What are Pretrial Risk Assessment Tools?
Pretrial risk assessment tools, or pretrial RATs, are algorithms that predict certain outcomes for people accused of a crime, in order to help judges and magistrates make pretrial decisions.
Most often, pretrial RATs use information about someone accused of a crime to produce a risk score or scores that try to predict that person’s likelihood of failing to appear in court (FTA) and/or being re-arrested, often called new criminal activity (NCA).
RATs use re-arrest and failure to appear in court as proxies for measuring pretrial “failure” and “dangerousness.” In other words, these tools try to predict who is likely to show up for court and who will be arrested for a new charge if they are released before their trial, without taking into account a person’s individual circumstances of why they might not be able to come back to court or why the police might arrest them again. See our section on bias to learn more.
RATs inform judges at an essential moment in the criminal legal system process, and they influence release and supervision decisions. Whether or not someone gets to come home before their trial can shape the ultimate outcome of their case; being detained can lead to many negative impacts, including a higher chance of conviction.1Emily Leslie and Nolan G. Pope: The Unintended Impact of Pretrial Detention on Case Outcomes: Evidence from New York City Arraignments, Journal of Law and Economics
There are many different RATs used across the country in pretrial decision-making. Each state has its own laws and regulations governing their jurisdictions’ pretrial decision-making. Some states and counties directly require or permit risk assessment tools as a part of their pretrial processes, while other states and counties use tools without being mandated to do so by law.
Some states and counties are mandated to use tools because of court rulings, and other states and counties are piloting tools as part of potential statewide expansions. Some states have one standardized tool in use for all their jurisdictions, while other states allow counties and cities to choose which tool, if any, they will use.
How do RATs work?
Pretrial RATs input data points, assign points to each factor, and generate a predicted risk score or scores. These scores are meant to guess an accused person’s likelihood of failing to appear in court, getting arrested again, and/or getting arrested again with a charge of violence.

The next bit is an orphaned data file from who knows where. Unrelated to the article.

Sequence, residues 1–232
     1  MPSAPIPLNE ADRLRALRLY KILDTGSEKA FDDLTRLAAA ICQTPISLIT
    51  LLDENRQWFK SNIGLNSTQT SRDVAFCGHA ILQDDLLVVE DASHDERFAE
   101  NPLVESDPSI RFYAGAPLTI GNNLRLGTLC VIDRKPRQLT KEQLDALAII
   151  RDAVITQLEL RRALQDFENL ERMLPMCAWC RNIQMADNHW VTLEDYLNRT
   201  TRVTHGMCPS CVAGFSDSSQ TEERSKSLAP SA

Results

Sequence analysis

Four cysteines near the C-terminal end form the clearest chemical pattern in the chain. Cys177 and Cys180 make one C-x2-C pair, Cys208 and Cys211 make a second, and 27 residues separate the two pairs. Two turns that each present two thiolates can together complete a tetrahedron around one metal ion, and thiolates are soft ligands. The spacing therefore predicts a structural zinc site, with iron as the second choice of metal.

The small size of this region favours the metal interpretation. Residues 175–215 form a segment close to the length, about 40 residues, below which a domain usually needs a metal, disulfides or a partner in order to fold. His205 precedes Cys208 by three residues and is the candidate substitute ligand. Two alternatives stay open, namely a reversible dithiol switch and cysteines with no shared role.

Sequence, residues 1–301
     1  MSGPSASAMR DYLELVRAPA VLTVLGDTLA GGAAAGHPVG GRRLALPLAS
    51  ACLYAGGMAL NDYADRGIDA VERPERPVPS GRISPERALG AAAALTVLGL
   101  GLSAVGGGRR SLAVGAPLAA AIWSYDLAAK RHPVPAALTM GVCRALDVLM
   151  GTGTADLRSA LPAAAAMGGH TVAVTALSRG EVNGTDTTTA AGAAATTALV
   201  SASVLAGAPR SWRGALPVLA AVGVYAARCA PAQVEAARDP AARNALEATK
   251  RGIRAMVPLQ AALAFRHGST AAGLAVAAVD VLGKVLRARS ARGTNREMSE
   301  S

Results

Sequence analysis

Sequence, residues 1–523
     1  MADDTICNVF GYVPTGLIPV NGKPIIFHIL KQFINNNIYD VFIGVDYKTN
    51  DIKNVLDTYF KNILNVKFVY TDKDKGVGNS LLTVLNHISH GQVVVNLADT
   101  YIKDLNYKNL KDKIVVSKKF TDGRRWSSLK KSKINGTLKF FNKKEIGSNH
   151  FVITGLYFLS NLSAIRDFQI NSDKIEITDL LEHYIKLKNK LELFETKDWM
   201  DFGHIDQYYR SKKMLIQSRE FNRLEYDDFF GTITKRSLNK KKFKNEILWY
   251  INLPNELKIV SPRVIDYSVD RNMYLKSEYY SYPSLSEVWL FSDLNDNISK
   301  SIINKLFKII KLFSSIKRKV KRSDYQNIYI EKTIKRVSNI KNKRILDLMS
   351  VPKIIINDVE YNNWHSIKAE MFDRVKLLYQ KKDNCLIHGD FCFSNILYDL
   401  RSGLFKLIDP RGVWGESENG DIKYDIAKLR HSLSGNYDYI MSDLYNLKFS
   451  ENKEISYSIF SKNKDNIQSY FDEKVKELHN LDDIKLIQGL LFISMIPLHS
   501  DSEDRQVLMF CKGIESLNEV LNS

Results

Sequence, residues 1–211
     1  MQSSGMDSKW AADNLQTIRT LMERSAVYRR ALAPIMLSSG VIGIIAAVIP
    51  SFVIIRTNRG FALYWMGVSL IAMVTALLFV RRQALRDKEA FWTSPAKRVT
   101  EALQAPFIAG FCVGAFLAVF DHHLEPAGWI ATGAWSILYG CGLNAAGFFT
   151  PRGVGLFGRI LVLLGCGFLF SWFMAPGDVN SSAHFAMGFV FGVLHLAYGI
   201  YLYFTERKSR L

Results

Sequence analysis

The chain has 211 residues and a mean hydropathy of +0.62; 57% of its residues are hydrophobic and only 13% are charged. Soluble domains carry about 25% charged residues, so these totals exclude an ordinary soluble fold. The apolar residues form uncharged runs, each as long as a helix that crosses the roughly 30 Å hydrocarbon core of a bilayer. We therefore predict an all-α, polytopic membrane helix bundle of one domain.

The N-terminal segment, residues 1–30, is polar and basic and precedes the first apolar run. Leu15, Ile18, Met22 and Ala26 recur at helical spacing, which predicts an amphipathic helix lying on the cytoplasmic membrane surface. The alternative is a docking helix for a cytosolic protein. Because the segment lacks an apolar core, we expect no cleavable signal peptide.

The various pretrial RATs collect different information in different ways from accused people or their histories with the criminal legal system, in order to determine their overall risk score or scores.
Tools also differ in where they source their training data or information, what data points they choose, how many records they gather, and how they weigh each factor.
The information collected can include both demographic and criminal legal system-related factors. Demographic data points commonly include age, substance use, and access (or lack of access) to stable housing or stable employment. Criminal legal system history data points include factors associated with prior convictions or arrests and charges, time spent incarcerated, and prior failures to appear in court.
Developers of RATs determine which factors, such as age or prior arrests, are statistically linked to the pretrial “failure”2Kristin Bechtel, Christopher Lowenkamp, and Alex Holsinger: Identifying the Predictors of Pretrial Failure: A Meta-Analysis outcomes they want their tools to predict.
Developers train their tools on existing data3Matt Henry: Risk Assessment: Explained, The Appeal about pretrial outcomes in real cases to determine which factors are most predictive for their RAT and how much these factors should weigh. They look for common factors amongst people who failed to appear in court or were re-arrested, such as their age or how many times they have been arrested, and analyze which of these factors correlate the most with the outcomes of failing to appear and rearrest.
Developers may use thousands or even millions of real life records to gather data points and look for these correlations, which often suggest that youth or many prior arrests mean someone is more “risky.”